When we eventually cleared the flight we met a chap with a home-made, outboard engine powered boat comprised mainly of wooden planks and empty white 25 litre plastic containers lashed together. This vessel had neither directional stability nor turn of speed, so we rounded Salford Junction carefully, both to make the turn and to avoid the unusual craft.
Gent at Salford Junction (beneath ‘Spaghetti Junction’) aboard almost unrecognisable home made craft sorting outboard engine problem.
Along the next reach we observed amongst the mass of floating rubbish two (unmatched) armchairs and a sofa all appearing to have been in good condition before recently entering the water.
Discarded Chesterfield sofa.
We ran aground on this stretch a couple of times and in Minworth Middle Lock our propeller became entangled with a tyre that took considerable effort to dislodge. We were very happy to reach Curdworth and after mooring up took a lengthy stroll through a new secure business park to find an attractive pub alongside a very busy road. The meal there could best be described as ‘OK’ but was reasonably priced and the beer was good.
Friday’s plan was to reach Alvecote and hand over Python to the next crew, a relatively easy run down the Curdworth flight, turn to the right at Fazeley Junction, up the two locks at Glascote and a straight run to the Samuel Barlow. Easy!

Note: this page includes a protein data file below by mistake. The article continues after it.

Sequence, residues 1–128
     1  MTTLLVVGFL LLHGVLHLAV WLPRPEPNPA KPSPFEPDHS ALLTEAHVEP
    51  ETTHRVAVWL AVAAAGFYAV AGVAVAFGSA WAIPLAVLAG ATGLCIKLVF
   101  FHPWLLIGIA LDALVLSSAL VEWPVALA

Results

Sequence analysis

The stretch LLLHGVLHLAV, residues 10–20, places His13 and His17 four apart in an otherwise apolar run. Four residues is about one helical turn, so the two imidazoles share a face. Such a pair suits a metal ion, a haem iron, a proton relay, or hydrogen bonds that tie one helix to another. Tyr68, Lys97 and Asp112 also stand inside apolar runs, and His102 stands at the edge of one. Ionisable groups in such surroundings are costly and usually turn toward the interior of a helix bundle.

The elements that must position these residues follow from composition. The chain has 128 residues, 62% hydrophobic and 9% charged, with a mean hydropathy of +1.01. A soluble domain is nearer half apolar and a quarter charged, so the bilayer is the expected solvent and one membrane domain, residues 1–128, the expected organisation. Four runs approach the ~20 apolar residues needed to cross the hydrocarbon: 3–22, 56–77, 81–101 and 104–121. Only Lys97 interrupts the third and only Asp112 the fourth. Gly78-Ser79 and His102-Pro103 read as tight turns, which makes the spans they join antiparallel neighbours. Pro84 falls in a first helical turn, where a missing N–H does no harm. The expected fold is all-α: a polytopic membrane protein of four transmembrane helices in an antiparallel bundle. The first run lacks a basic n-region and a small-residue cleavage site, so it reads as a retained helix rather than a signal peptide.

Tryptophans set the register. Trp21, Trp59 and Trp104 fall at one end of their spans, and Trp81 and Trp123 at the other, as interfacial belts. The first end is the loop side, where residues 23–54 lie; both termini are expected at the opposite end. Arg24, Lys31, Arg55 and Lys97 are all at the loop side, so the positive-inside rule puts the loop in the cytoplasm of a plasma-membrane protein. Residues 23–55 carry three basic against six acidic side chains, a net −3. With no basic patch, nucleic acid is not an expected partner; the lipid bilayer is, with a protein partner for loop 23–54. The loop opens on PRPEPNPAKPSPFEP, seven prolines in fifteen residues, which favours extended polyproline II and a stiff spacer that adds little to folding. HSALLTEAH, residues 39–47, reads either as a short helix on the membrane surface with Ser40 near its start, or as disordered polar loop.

Making good time to half way down the Curdworth flight, we were delighted at the excellent depth of water in the lock pounds. Then suddenly we exited a lock into a pound some third of a mile long, in which the canal depth was at least nine inches less than Python’s generous draft. Ohhh dear! As luck would have it we espied a C&RT employee and called him over. Although obviously a normally desk-bound worker, he knew his ‘stuff’ and leaving aside his exciting job for the day of ‘checking assets’ he helped us run water down from a couple of higher pounds for about half an hour, until Python was just floating. We crept along checking the depth in front of the boat until the next lock. This delayed us for about one and a half hours (no time then to perform ‘Thetfordery’ at Fazeley Sanitary Station). The rest of the flight was completed with only one or two minor groundings in the shallow channel. Fortunately below the bottom lock there was adequate water depth. It would have been a challenge to raise the level of the next pound – Fradley to Glascote, with a side arm to Curdworth.
The extremely sharp turn to the right at Fazeley was completed with only minor contact to the canal sidewall. Glascote locks were both against us, as were most of the locks on our week’s journey. We used the opportunity to fill the fresh water tanks at the water point outside Hudson’s boatyard and continued to our 3:00 pm rendez-vous at Alvecote, arriving at the marina at three minutes to three o’clock.
We were guided into the marina by the harbourmaster standing on the bank and I was asked to reverse Python down a quite narrow channel between a line of around thirty historic boats on finger moorings with as many private boats moored opposite them and to moor stern-in alongside ‘Dove’ wherever that might be. The manoeuvre was made more interesting by the cross wind and the fifty (or was it fifty thousand) highly competent boaters standing guarding their gleaming vintage craft. After completing the exercise without actually hitting anything, we tidied up, moved our luggage to the waiting car of David Dawson (who had kindly agreed to drive us home), dumped our rubbish and Maurice again emptied the toilet.